I spent a month living in Nepal and travelling around the country solo. I share my solo travel Nepal experience and funny stories to inspire you to visit Nepal
My Solo Travel Nepal Experience
I’ve arrived in Kathmandu, the capital of Nepal; a small country landlocked between the two giants that are China and India. It’s a congested city, with black smoke fogging the narrow streets oozing out of car exhausts. People sell coconuts by the roadside, goats sit on top of buses and cows roam around the few pavements within this polluted city. Motorbikes and tiny taxis constantly honk, dodging pedestrians as they walk along the litter strewn streets.
Amongst the rundown houses sits one tall building, looking out of place against the backdrop of the Himalayas. People greet you with ‘Namaste,’ and wear colourful saris and drink tea – I feel like I am in India…
I awake to a flurry of activity outside my window, people scrambling through the rubbish pile that dogs had guarded the night before. It is barely dawn and within minutes the crowd has dispersed leaving barely a trace. Crows heckle in the morning mist. I can hear the deep moans of the Nepali people as they pray. It’s a haunting but comforting sound; a deep cry that echoes from the corners of this enthralling city.
But in this chaotic place, I feel a sense of calm, a sense of place that this is where I need to be…
How I miss English transport. At least we have health and safety in our country and don’t play ‘how many people can you squeeze onto a microbus?’ with people hitting their heads on the ceiling and falling into others.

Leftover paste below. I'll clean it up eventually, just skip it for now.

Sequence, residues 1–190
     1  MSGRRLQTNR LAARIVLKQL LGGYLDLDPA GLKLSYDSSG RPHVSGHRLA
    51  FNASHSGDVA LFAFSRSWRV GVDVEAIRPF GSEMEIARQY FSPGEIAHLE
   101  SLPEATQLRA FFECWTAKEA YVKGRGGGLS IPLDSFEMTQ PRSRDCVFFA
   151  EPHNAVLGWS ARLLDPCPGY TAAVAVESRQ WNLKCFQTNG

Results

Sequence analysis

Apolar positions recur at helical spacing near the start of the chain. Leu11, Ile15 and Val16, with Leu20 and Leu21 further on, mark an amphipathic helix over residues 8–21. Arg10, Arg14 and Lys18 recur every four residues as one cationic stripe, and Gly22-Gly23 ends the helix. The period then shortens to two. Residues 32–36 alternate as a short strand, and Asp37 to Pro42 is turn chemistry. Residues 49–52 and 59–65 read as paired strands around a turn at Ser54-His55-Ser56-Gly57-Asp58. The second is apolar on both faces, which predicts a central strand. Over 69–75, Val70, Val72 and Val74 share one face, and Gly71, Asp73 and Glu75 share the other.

There are no scheduled times to depart and buses wait until they are full to the brim before leaving. I’ve even witnessed a fight breaking out and people just stare instead of wading in!
Apparently one man wanted to bring his goats on and the driver refused! Thank god as I really didn’t fancy having one of those sat on my lap.
But I can’t really complain for 20p for an hour journey.
Nepal's Crazy Transport
It was on the six-hour bus ride to Pokhara when we got stuck in traffic. In a hot sweaty bus, we came to a standstill.
As we passed the scene of the accident two hours later, two buses had collided as one had tried to overtake and gone headfirst into another coming in the other direction. Luckily for both buses they had stopped inches from the edge of the cliff face. I shuddered at the thought.
Miles down the road we passed one that hadn’t been so lucky; a bus on it’s side down a revene and then another and another. During the eight hour journey, we passed four accidents.
And only last week it made international news that a bus in Kathmandu crashed killing everyone on board. But none of this seemed to deter our bus driver who tried to overtake at each opportunity around windy cliff paths with numerous blind spots, honking as he overtook.
It makes taking the bus a scary experience and I wonder if the drivers will ever learn?
Some people have the knack of making anything look good. They can just throw on a pair of Indian trousers and a vest top and hey presto, they are transformed into a hippy yet stylish traveller.
I for one do not have the magic touch and have spent the last 11 weeks looking much like a poor traveller in my scruffy, old clothes. So with only one week left I have decided to lighten my load and travel with a smaller capsule wardrobe.